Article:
2. I loved this so much. I think the highlight reel is hard to compare yourself to. Because it’s this moment in time that was captured but doesn’t show the whole picture. But I don’t know if it’s supposed to show the whole picture, because emotions and moments change so quickly.

    Hang in there. I think summer is really hard for a lot of people.

  3. Um, yes. I think I started reading this a week ago, but didn’t finish because I was interrupted by one sweetie or the other. I’m on the other side now that my two have been back in school nearly a week, and I gotta say, I’m slowly returning to life. Summer was a mixed bag of fun and hell. I learned that a month is about my limit, and I’m already stashing cash with the hopes of having enough to send them both to day care/camp next year. I know you guys live in a condo/apartment, so this may not be an option, but I had to enforce mandatory running/scootering/biking daily. My oldest is also my “difficult” child and when he doesn’t have an opportunity to get physical, it’s gonna be awful. He’ll throw toys, jump on furniture and smack his brother. We have a driveway, and I’m sure some expert will accuse me of giving my kids a body complex or eating disorder, but I made them run five laps daily. They griped less if I did it with them, which I hated because it’s hot as a mutha, but if I made myself plow through it, I felt better. I also slowly acclimated to the heat. Again, you might have downstairs neighbors, but if it rained, we did indoor PE — jumping jacks, burpees (YouTube it), and Cosmic Yoga on YouTube. Perhaps I missed my calling as a drill sergeant or maybe a PE teacher. I hope you’re feeling better. Hang in there — hope school starts soon.

    • LOL! Well thank you so much for coming back to finish and comment– it means so much. I think physical activity is very important. I can totally relate to the difficulty of children jumping all over the house… We strive to get our kids out daily, and of course my son has his karate which is very grounding for him. We actually have a very sweet little yard where the kids run and play. Do you find a delicate balance b/w getting “just enough” exercise (for the kids), and them becoming overtired, overstimulated, and miserable? My daughter is a lot more flexible with such things, but my son is highly sensitive and I am always trying to “figure it out.” Hmmm. . . Anyhoo, I hope you get some free time for you now that your guys are back in school. Lucky duck.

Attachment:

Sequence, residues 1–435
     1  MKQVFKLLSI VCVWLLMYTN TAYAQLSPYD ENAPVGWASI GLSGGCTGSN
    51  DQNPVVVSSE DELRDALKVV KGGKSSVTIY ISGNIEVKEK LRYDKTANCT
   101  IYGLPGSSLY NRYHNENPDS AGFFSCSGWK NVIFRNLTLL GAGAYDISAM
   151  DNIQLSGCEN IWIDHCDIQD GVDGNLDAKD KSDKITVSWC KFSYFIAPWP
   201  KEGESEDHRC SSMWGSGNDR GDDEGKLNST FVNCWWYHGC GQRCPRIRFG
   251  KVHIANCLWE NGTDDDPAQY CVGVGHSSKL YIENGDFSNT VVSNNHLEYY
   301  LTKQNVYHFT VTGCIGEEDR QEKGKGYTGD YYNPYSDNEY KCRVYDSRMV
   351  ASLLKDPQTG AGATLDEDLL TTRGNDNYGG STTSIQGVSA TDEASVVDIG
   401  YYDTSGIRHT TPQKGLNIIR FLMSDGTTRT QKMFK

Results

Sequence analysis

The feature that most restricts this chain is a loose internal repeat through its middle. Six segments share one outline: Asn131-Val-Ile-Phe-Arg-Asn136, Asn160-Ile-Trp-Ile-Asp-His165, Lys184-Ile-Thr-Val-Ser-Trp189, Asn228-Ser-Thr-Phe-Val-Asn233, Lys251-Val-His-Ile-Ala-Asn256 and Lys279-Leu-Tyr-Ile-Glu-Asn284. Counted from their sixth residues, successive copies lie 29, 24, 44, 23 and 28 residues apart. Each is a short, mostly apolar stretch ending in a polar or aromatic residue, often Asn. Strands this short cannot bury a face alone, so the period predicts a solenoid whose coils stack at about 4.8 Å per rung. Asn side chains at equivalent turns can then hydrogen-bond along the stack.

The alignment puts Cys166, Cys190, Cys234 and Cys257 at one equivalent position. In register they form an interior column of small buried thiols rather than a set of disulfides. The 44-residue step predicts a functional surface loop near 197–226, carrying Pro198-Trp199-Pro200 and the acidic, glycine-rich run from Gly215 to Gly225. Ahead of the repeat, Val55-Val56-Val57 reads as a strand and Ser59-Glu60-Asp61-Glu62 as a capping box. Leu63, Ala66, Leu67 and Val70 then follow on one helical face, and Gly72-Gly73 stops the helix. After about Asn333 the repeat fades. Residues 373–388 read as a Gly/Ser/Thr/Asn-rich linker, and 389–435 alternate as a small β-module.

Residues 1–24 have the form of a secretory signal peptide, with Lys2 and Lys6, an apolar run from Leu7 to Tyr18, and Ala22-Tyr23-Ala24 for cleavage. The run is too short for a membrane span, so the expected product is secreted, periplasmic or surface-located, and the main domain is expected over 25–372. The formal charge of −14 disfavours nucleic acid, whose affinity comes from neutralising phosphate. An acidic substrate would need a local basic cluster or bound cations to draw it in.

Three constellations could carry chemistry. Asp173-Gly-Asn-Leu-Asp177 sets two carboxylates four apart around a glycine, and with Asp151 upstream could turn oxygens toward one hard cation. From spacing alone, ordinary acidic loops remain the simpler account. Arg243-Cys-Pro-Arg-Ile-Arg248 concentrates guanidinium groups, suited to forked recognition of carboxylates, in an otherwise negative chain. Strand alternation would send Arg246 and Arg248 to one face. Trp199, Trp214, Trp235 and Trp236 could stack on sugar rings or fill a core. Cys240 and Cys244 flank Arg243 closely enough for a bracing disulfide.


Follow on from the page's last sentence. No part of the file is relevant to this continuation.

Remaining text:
• Absolutely — it is a delicate and draining balance. I swear, my oldest has always been the kind of kid where if anything is off, we all suffer. We’re constantly dealing with making sure he has enough sleep, enough physical activity, enough “down” time, balanced blood sugar. Oh my goodness. Then there are the transition times. He needs to zone out a little after school, which is when he usually watches TV or plays a game on the iPad, but gosh even that is hard to balance. If he has too much electronic time, he goes berserk, which we’re dealing with today. Sigh… My younger son is a little more roll-with-it but still has some sensitivities. Naturally his are completely different from his brother’s. He’s very sensitive to soaps and detergent, bugs, heat. Yeah. Anyway, sorry for the book, but I feel ya. You’re not alone. I TRY SO hard to be sensitive to their needs but sometimes I just want to scream — and unfortunately often I do. I’m working on that…

      • Your oldest sounds so much like my son. . . like, to a tee. He takes so much finesse and it can be really draining and discouraging. Being a “child therapist” and being a perfectionist, I am constantly feeling clueless and like I’m doing a horrible job. My son needs the zone out after school too, because it is so demanding for him to hold it together all day (which he actually does pretty well…) And to top it off, he is like perfect for everyone besides us, which makes us look like even crappier parents. Sigh. . . If you find any magic solutions, let me know! xoxo. Thank you for sharing this. It helps so much to not feel alone.